Why just run the break when you can run your entire franchise?

For gamers looking to take control of their favorite team and make sure they don't select back-to-back point guards in the first round of the draft, there is Association mode. Here you play the role of GM, and for the ultimate control freaks out there, new this year is the ability to actually control all 30 teams at the same time. If you thought Danny Ainge was a busy man, try running the whole league.

But that's not the only addition: Fans will be able to create and customize the entire draft class, giving them the ability to rename players and customize everything from the look to the player ratings. This gives gamers the ability to create their own Michael Jordan and enter him back in the league as if he just left North Carolina. Or you can look ahead and build out future classes to keep your franchise up to date as you move on through the years. The choice is finally up to you.

Practices have also been added in Association so now you can finally take your team to Allen Iverson's favorite place … the practice court. Here, you can run plays and get the timing down with particular ballers in the lineup. This especially comes in handy after trading for a new player as you have the ability to practice his signature shots and see where he best fits in your lineup.

Player progression has also been enhanced. Now, just drafting a player with a big "upside" won't guarantee huge gains as far as player ratings are concerned. If you stick a rookie on the bench and never let him run with the big boys, you might just watch as he languishes around a 72 overall for the rest of his career (hey, it could be worse, he could be 42). So basically, you need to get your young guns playing time if you want them to progress and become the superstars you dream about. But what do you do if you're playing with an already-stacked championship contender and don't have minutes to waste on a rookie? Never fear as you can finally send up to three players down to the D-League and even take control of those games in order to help your top picks get some valuable minutes, even if they're not against the likes of KG and D-Wade.

Finally, look for 10-day contracts, in-game saves and restricted free agency to help add to the overall experience of taking your team to the title … or running it straight into the ground.

My Player

If you don't care about running plays or running your own team as much as you care about creating yourself in the game and what color shoes you're going to wear, then 2K has the mode for you. It's called My Player, and fans who want to get a head start on this mode can actually download 2K's "Draft Combine" game online and jump in over a month before "2K10" even ships.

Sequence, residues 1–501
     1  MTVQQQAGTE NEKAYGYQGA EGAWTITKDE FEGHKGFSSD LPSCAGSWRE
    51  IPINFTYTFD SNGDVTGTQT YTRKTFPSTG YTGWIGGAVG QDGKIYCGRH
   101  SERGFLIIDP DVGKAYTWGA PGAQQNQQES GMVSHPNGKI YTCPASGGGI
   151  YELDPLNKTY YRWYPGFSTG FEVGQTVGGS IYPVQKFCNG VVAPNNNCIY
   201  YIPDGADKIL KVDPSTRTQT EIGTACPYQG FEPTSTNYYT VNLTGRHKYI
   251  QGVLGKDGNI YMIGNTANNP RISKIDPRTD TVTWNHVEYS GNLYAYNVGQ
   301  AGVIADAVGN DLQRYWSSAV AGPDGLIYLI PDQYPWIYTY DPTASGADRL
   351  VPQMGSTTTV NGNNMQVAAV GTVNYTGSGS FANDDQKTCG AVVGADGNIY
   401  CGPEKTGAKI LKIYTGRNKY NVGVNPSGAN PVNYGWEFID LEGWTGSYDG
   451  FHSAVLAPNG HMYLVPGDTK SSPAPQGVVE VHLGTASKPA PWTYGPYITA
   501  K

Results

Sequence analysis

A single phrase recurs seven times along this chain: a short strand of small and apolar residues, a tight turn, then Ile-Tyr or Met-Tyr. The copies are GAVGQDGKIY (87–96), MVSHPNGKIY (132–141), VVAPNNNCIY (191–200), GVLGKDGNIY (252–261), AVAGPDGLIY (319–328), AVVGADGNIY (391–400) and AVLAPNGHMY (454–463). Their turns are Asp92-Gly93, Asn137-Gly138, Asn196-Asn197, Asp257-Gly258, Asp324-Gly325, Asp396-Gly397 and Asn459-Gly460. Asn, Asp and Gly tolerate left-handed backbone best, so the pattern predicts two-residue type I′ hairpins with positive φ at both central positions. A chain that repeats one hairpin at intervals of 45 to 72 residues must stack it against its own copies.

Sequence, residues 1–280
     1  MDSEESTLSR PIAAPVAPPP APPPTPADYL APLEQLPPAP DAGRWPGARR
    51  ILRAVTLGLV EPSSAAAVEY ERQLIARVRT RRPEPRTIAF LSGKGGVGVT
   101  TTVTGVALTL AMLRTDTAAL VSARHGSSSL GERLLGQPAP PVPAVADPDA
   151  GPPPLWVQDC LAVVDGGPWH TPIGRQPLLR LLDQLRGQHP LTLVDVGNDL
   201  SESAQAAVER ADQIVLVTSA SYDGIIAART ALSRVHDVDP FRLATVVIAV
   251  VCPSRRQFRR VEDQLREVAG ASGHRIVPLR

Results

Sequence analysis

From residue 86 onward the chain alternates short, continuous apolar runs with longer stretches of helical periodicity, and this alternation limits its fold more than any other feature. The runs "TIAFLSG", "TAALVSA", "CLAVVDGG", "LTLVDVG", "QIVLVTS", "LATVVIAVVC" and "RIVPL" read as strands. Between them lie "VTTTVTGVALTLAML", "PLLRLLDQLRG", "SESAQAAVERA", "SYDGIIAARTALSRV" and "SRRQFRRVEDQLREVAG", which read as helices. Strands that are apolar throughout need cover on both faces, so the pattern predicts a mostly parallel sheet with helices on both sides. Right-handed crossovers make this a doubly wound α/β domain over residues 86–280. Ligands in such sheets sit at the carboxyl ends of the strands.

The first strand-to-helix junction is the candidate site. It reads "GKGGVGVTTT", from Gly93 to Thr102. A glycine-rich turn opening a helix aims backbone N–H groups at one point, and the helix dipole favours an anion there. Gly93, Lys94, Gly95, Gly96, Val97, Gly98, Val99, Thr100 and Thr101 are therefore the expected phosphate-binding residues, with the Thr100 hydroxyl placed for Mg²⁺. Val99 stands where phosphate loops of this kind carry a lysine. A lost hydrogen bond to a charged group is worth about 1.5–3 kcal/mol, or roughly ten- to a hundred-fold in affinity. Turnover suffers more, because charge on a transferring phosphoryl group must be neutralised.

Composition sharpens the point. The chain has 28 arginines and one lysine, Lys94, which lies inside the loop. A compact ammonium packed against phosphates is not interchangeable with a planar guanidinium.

Basically, you'll create your own baller, decide what type of player he should be, create his look down to the color of his kicks (pink Jordans anyone?), then work your way up through summer league, training camp and the D-League to your shot at earning valuable minutes in the NBA. Play through the "NBA 2K10 Draft Combine" and your player will be better than any you can create through simply purchasing "2K10," and that advantage is definitely worth the five bucks it costs to download the game as the edge in skill points will really pay off down the line.

And what's cool about this mode is, you're not just trying to score 50 points a game to impress the coaches. You are actually graded on how you play with your team, and if the coaches look at you as being a bad teammate (constantly calling for the ball, not passing, not playing D), then you will actually get negative skill points awarded to your character. Definitely not the way you want to start your career.

And the longer you play (you can take your character up to around age 40 before retiring), the harder your goals will become in each game. So while your first objectives might be to set three picks and score four points, you'll eventually be competing for the all-rookie team, to get 25 career triple-doubles, and even to play in 1,000 career games (talk about sore thumbs).

These players can then be taken online as part of 2K's Team Up mode, where up to 50 gamers can form their own crews and challenge to be the best online team around. Crews can design their own jerseys, add logos and even watch the leaderboards to see which of their players stand out as online superstars. As you play online, you'll even continue to earn progression points for your created character so you can constantly improve his game.

Scouting Report

Even though the version of "NBA 2K10" I played was obviously still a work in progress (and featured a few weird bugs popping up throughout), I have to say, after getting just a small taste, the chance for greatness in this title is certainly evident.

Will it dethrone "2K7"? It's still a little early to tell, but I seriously haven't looked forward to a basketball game this much in years.

In fact, it looks so good, I'd even play as Jerome James.